Former Manchester United striker Ole Gunnar Solskjaer has praised Darren Fletcher's mental resolve and backed the Scot to complete a remarkable return to top-level action.
Old Trafford midfielder Fletcher has not featured for the Red Devils for almost a year as he continues to battle a serious ulcerative colitis condition.
But he completed a 90-minute run out for the club's reserve side against Stoke earlier this month and could be ready to resume his playing career.
Solskjaer was a team-mate of Fletcher in his final years as a Manchester United player and was part of the Norway side which provided the opposition when the 29-year-old made his bow for Scotland.
The retired frontman - now managing Molde in his homeland - recently met Fletcher in Manchester and was left feeling optimistic about the 29-year-old's future.
He said: "It's fantastic news that Darren is on his way back. I was over in Manchester about a month ago and I was lucky enough to bump into Fletch and he said he was on the road to recovery.
"I just met him purely by chance outside the supermarket and it was great to see him. I could see just from talking to him that his tail was really up because he's had a rough time of it obviously.
"It's funny to think I played in his Scotland debut in Oslo. I remember that game well, we actually swapped shirts afterwards and I've still got it at home - I was thinking of digging it out and putting it on for the game on Tuesday night.
"I actually played in Fletch's reserve team debut for Manchester United, I was in the reserves quite a lot.
"I'm not sure he was even 16 at that time but I remember it was a game at Everton and you could just see then that you were watching a fantastic talent.
"He'd had loads of injury problems but I knew the manager had really, really good faith in him and I could see even in that very first reserve game just why Alex Ferguson had such high hopes for this kid.
"I've followed his career from that day on because I knew he was a special player but also because he is a good guy.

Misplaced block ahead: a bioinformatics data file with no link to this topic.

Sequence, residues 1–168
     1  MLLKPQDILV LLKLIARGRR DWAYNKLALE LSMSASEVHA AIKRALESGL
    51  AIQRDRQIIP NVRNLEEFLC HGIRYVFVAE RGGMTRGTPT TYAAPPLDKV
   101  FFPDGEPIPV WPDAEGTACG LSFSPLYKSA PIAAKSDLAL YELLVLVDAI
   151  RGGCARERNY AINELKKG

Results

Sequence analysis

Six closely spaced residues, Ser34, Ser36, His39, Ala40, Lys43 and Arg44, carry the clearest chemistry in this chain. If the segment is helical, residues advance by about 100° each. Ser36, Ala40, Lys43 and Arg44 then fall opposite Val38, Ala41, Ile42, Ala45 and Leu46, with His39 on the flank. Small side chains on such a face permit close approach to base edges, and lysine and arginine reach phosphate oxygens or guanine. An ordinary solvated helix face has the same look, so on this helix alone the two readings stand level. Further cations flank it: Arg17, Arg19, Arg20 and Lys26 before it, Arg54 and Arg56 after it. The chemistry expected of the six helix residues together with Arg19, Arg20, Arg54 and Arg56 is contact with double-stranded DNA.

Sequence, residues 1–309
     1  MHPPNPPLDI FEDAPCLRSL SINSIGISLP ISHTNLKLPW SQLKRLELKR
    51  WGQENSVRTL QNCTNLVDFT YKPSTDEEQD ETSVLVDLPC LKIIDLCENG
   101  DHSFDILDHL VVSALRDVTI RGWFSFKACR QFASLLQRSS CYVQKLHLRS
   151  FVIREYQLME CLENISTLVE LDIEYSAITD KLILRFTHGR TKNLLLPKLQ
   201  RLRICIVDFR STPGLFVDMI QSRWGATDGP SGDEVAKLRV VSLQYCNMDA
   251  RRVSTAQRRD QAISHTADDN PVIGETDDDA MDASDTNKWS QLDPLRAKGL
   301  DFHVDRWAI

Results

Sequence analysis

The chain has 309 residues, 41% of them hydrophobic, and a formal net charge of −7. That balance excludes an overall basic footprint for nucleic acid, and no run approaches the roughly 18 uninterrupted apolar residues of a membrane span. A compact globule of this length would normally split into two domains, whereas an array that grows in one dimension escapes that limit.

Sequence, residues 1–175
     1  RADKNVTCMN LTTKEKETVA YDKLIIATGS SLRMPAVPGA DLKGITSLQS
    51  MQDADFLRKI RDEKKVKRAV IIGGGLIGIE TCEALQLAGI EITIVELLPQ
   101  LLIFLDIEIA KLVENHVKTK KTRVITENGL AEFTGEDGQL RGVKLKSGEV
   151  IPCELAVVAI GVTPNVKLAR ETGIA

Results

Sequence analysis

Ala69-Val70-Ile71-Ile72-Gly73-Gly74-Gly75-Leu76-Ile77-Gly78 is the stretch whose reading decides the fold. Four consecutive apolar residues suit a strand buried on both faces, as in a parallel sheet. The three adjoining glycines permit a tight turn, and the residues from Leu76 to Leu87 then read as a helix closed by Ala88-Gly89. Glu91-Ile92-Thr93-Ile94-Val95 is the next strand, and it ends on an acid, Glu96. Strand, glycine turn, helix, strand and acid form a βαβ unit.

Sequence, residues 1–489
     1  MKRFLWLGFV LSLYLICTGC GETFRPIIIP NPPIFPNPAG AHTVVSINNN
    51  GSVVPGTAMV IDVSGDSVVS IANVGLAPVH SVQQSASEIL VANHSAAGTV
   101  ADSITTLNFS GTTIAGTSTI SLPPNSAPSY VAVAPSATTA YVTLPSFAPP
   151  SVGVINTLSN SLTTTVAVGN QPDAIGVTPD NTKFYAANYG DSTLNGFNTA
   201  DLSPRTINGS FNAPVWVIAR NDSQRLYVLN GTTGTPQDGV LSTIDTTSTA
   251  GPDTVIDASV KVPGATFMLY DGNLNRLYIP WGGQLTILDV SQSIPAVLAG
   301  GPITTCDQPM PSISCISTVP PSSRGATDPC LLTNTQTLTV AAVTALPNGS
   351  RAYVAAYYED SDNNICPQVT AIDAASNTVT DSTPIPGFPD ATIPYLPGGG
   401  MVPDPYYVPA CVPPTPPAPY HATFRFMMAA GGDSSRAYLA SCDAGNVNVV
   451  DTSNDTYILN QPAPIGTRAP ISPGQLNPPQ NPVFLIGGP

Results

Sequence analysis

"I admired his mentality, he was never in awe of the place and he just felt at ease and felt at home at Old Trafford.
"He had confidence in himself but he was humble. He had a tremendous work rate as well and the thing that stood out for me was the way he almost floated on the pitch, gliding through games.
"It came naturally to him and made the hard part of the game look easy. I knew Fletch was going to be a legend for Scotland and hopefully now he'll get back fit and improve even further to become a better player.
"To be honest I do know how hard it must be for him because I had a spell out for two and a half to three years myself after a bad knee injury.
"There's nothing worse than that feeling of not really knowing whether you're going to be able to make a comeback but luckily now it looks like it's going to happen and I couldn't be happier for him.
"He's a humble guy from a humble family - he possesses all the attributes to be a Manchester United player. I've heard the accusation that he was an average player in a great team but I don't agree with that at all.
"We used to play Darren against the likes of Arsenal - in the big games, semi-finals - and he just ran more than them.
"You could see Patrick Vieira never liked playing against Fletch and that to me is the sign of a great player.
"For me, the proudest moment in my career was when I made my comeback from injury, scored for Manchester United and my son celebrated by clenching his fists.
"Fletch has got his own twins so I'm sure he'll want to play to show them he's a good player. When I met him recently he seemed very positive so I'm sure it's going to happen."